How Do I Make A Hand Injury At Work Claim?
After an accident at work caused by negligence, do you need to make a hand injury at work claim? Perhaps missing health and safety regulations meant that your hand was damaged by faulty machinery or during the course of a fall?
Ensuring you are safe at work is a key requirement of the Health and Safety At Work etc Act 1974 and if your employer failed to properly implement this law in some way, causing you injury, you could have an eligible claim to be compensated.
Our personal injury claim advisors at UK Law could help you right now by assessing for free your hand injury at work claim. Simply get in touch using our contact details below or read on:
- Contact our personal injury advisors free on 0203 870 4868
- Fill out the ‘call back’ form or contact us online
- Alternatively, access instant help through our ‘live support’ option
Select A Section
- What Do I Need To Make A Hand Injury At Work Claim?
- Common Workplace Hand Injuries
- How Does The Injury Claim Process Work?
- How Long After A Workplace Injury Could I Claim?
- Calculating Damages For A Hand Injury At Work Claim
- Start A No Win No Fee Claim By Contacting Us
You may be confused or unsure about what a hand injury at work claim may entail? This guide will explain how medical or financial evidence can be used to calculate two types of damages that you may be eligible for. The advice we offer can enable you to start a claim either independently or with the help of a personal injury solicitor.
In the chaos after a hand injury at work, pulling together evidence of negligence may be the last thing on your mind. But a good place to start is to ensure you report the accident at work and always seek medical advice, this is so you receive the treatment you need to make a full recovery, but also so that your medical records can be updated with your injury.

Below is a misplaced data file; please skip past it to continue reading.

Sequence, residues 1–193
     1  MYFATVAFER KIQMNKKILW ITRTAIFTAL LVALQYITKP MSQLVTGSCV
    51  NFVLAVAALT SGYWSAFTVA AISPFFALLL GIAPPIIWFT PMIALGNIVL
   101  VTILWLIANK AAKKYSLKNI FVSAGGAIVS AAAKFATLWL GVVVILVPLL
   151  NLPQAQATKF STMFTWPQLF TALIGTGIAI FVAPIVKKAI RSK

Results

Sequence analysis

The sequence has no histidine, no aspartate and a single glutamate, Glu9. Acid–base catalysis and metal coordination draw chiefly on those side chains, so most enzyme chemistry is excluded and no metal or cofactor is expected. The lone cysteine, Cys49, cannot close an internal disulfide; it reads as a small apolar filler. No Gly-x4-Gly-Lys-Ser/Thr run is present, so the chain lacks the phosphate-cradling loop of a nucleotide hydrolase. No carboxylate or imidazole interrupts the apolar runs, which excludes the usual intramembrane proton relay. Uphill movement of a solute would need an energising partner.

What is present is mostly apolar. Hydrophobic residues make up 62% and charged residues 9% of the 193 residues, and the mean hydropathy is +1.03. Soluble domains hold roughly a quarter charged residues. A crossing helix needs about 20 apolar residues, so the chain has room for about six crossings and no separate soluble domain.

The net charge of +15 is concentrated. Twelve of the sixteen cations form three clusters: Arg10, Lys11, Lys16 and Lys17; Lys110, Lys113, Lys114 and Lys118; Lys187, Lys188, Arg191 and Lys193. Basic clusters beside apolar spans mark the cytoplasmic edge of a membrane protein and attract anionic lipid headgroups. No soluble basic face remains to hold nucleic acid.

Witness details in case a statement is needed later on about the accident and photographic proof of injury can also be evidence that is useful to obtain as early as possible. Please be aware that there is a three-year time limit to starting a personal injury claim.
There are numerous ways a hand could sustain an injury in the workplace. Obviously, each work environment may present its own particular set of hazards depending on the nature of the activity, but some typically encountered injuries at work could potentially include:
- Lacerations or deep cuts on sharp edges or tools
- Fractures from contact with heavy items or because of a slip, trip, or fall
- Burns from contact with liquids or chemicals without proper personal protective equipment (PPE)
- Repetitive strain injuries (RSI) caused by constant activity without structured breaks
- Loss or severance of the hand completely in a traumatic amputation due to a machine malfunctioning.
Hand Injury Statistics
The statistics below come from RIDSITE which collects data on the prevalence and type of workplace injuries. The excerpt below shows how common hand injuries were for the period 2020/21:
In the immediate aftermath of a hand injury at work, the most important thing is to get your injuries attended to. If you believe that your employer is at fault for causing the accident you may be considering making a personal injury claim.
To be eligible to claim for an accident at work that has caused a hand injury you must demonstrate 3 key criteria:
- Your employer owed you a duty of care at the time of the accident.
- This duty was breached because health and safety was not adhered to
- Your injury was caused by this negligence.
To gather evidence to prove liability and the extent of your suffering, the following steps can help:
- Ensure the accident book notes your injury
- Report the accident and injury to your supervisor or management
- Take photos of the area or cause of injury
- Keep a detailed diary of events
- Request CCTV footage if possible
- Ask witnesses to the event if they are prepared to give a statement at a later date
- Start to consider legal options
In practice, most employers are keen to see that their staff are looked after. They may accept liability. If you accept any offer before speaking to a legal representative the claim would be considered settled and you would be unable to request any further damages. Therefore, it’s important that you settle for the right amount and a personal injury solicitor can offer essential advice on this.
According to the Limitation Act 1980, there is normally a three-year period in which a claim for personal injury compensation must be started. This date can commence from either when the accident occurred, or the date that you first started to notice damage to your health because of the accident.